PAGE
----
He was measuring out infused aloe from jar Number Seven when Rosethorn asked, “Crane, why did we create broad diagnosis powders three years ago if you aren’t going to use them?”
“What are you talking about?” demanded Crane. “Of course I used them on the day we began. I had to give them up—it is in your very first section of notes.”
“No, it’s not.”
Crane went to Rosethorn’s table and plucked the notes from her fingers. “I detailed the results thoroughly,” he muttered, leafing through the sheets. “The blue pox caused our general diagnosis additives to break up. I know very well you are to have everything … Ah.” With a glare for Peachleaf, he pulled three sheets from the stack and put them on top. The healer shrank in her chair. “They appear to have been placed behind the section on the disease’s response to neutral substances. Why, no one can know, because these notes are supposed to be in chronological order.” He thrust the papers at Rosethorn.
She took them and muttered, “Bully.”
Crane ignored her. “Even the most basic compound additives we are accustomed to using break up when brought into contact with the blue pox essence. I was forced to go to the simplest oils, chemicals, and herbs. It slowed me to a crawl.”
Rosethorn frowned as she read. “That makes no sense,” she remarked.
Crane saw that Briar was watching. His eyebrows rose, and Briar quickly got back to his work.
When the Hub clock chimed the half hour after noon, Osprey and another of the outer-room workers arrived with a tray of covered dishes. Once her companion had set up a small table at the empty center of the room, Osprey began to lay out the dishes and eating utensils she carried. Briar, who had just finished a tray, went to help.
“Take off the gloves and mask—I’ll give you a fresh set when you’re ready to start again,” Osprey murmured to Briar. “Don’t go near the worktables while you’re eating. You just cost Ibis and Nomi a copper astrel apiece. They were sure you wouldn’t last till noon. Fill yourself a plate and eat—you need it to stay fresh.”
Briar was happy to do as he was bid. He also filled a plate for Rosethorn. “You betting?” he asked, his voice audible only to Osprey.
She grinned at him. Briar liked her grin; it was wide and cheerful and sunny. “I have three copper crescents on you getting the gate between two and three. He hates interrupting to eat, even though he knows he must, so he’s testy for hours after.”
“Put me down for two copper creses around four,” Briar replied, straight-faced. “I’ll be tired of his fussing by then.”
“Can’t do it,” Osprey said. “The one that’s bet on can’t wager on himself.”
“All right.” Briar glanced at Peachleaf, who scribbled madly, trying to keep up with the murmured instructions Crane gave as he worked. “Two copper creses on Peachleaf by three. He keeps having to spell words for her when he’s giving her notes.”
“Two creses on Peachleaf at three. Right.” Osprey and her companion left.
Lunch reassured Briar a little. It gave him the crawls to think of the blue pox all around him, but the food was very good. Maybe even working for Crane was better than quarantine.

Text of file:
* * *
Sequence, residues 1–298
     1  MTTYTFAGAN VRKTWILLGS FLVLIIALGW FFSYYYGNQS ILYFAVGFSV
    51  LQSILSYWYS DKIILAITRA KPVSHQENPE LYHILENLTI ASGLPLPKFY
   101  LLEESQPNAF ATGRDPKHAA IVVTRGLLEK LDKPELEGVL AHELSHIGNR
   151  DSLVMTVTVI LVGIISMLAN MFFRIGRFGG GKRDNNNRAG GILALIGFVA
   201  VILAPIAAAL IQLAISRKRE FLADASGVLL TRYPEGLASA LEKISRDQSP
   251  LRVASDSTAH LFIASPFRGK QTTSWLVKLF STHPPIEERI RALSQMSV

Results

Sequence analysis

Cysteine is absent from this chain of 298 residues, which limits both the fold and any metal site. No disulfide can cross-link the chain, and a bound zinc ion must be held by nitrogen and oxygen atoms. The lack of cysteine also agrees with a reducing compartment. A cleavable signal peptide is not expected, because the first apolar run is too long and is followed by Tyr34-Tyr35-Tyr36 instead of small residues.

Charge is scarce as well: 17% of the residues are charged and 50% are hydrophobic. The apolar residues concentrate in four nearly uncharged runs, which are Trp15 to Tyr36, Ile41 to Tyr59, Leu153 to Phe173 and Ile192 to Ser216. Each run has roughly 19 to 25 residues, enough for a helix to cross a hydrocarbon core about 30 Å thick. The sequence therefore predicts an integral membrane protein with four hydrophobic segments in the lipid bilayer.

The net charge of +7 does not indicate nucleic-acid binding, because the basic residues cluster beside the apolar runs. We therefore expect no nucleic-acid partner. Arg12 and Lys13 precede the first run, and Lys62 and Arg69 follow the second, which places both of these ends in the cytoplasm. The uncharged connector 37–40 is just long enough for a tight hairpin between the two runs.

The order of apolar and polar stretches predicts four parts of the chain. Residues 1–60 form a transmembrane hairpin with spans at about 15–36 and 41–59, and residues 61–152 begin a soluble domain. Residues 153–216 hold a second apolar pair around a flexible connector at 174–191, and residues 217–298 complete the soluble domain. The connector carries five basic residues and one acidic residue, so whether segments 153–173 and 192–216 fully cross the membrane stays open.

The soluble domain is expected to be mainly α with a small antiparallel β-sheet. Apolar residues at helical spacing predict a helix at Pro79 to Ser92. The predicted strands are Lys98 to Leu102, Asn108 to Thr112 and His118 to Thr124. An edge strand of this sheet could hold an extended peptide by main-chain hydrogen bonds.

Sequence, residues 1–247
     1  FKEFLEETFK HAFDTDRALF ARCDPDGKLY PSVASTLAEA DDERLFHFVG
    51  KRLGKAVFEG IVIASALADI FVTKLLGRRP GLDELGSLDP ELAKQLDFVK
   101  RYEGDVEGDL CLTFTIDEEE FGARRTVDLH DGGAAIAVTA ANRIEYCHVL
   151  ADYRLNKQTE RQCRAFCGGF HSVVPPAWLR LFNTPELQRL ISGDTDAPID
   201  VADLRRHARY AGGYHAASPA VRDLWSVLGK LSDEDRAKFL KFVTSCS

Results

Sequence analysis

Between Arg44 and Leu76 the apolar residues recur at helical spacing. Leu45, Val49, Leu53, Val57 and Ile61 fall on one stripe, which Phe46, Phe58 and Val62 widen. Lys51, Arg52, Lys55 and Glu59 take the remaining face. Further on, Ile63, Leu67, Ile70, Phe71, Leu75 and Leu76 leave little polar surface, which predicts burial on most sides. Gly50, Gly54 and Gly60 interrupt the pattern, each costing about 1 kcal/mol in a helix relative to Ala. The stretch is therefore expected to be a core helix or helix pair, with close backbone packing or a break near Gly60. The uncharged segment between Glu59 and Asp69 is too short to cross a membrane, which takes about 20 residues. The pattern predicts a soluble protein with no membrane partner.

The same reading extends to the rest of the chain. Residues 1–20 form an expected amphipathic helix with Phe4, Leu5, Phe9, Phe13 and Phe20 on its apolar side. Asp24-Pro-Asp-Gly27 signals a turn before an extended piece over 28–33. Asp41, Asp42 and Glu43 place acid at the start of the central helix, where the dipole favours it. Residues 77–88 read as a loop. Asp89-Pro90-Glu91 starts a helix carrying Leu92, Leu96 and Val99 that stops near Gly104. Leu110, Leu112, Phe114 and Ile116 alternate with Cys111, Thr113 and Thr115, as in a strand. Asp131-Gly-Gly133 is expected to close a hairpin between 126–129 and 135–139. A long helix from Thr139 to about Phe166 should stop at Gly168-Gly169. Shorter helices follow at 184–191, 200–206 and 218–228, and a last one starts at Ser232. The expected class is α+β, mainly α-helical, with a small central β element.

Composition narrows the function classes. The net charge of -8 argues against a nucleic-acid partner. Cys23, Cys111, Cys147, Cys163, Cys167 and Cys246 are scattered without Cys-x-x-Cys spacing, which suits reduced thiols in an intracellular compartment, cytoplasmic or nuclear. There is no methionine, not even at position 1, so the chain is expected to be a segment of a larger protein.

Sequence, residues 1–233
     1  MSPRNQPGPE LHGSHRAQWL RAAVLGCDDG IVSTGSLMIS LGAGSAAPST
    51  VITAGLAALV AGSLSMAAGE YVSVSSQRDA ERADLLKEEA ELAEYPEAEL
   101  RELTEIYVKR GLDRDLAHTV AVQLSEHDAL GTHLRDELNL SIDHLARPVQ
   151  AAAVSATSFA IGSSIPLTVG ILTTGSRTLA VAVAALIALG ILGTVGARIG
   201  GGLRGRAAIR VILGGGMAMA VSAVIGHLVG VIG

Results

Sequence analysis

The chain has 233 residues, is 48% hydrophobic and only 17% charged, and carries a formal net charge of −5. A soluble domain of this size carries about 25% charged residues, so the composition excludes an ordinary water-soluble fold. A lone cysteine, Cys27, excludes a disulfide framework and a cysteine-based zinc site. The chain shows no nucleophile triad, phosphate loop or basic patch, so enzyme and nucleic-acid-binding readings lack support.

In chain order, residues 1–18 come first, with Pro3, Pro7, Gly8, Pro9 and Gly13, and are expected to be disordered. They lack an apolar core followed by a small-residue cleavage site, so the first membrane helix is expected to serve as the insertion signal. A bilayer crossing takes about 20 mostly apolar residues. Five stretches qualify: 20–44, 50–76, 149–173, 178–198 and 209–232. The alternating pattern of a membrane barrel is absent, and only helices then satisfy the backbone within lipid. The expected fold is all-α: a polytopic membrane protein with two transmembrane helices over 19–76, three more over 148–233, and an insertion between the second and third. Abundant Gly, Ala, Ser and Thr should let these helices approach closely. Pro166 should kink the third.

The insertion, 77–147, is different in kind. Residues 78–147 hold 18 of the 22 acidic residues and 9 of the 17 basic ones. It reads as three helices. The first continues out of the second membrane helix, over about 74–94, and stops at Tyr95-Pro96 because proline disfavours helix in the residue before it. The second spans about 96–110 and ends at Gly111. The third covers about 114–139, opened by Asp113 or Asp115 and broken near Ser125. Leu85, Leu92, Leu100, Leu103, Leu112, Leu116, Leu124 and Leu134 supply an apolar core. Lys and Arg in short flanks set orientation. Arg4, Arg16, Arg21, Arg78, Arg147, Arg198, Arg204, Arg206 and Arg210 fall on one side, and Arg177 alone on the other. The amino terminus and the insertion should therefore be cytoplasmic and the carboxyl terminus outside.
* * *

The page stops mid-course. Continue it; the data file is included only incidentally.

He made sure that Rosethorn ate. She had finished reading Crane’s notes and had arranged her counter the way she liked. Many of the articles—lenses, glass bottles, herbal pastes, a set of crystals—were things he’d never seen before. Briar had been so positive he’d inspected all she had, over the winter. If he’d missed these items, she was trickier than he’d ever suspected.
Briar returned to his desk, glad for the time away, and found that more trays had been added to the stack of those awaiting his attentions.
After his return, he saw that Crane was looking over his shoulder again. Several times Briar nearly told the man that if he’d wanted to be minded by a fidget, he’d have stayed at Urda’s House. Thinking about Ibis’s and Nomi’s bets, he held his tongue. He’d hate to make money for anyone who’d bet on his departure that day.
Perhaps it was relief, once Crane returned to his own labors. Perhaps it was the break for lunch. He might simply have adjusted to all the magic in his surroundings. Whatever the cause, soon after Crane’s retreat Briar saw a wink of silver in the wells on the tray in his hands.
Don’t get excited, he ordered himself, closing his eyes to rest them. It’s reflected magic or something. There’s glass enough here to blind a kid with reflections. He opened his eyes. If he’d seen magic in this tray, it was gone. Shaking his head, he added oils and powders, wrote out labels, clipped the lid to the tray, and then shelved it. When he went for the next tray, he stopped before the cabinet where they were stacked, his back to the glass walls, and took the lid from the topmost one. Gently he lowered the tray into his body’s shadow and looked down into it. A ghost of silver glided across the liquid in the third well; hints of it shone in several more. They faded. Briar whistled and carried the tray to his worktable.
Was he seeing magic in the blue pox?
“Asaia Bird-Winged, give me patience and give me strength,” announced Crane. “How often must I spell so common a term as ‘antipyretic’?”
“Couldn’t I just write ‘fever reducer’? squeaked Peachleaf.
“Whatever term will stop your inane questions,” Crane told her icily as the Hub clock chimed two. “Read back that last sentence.”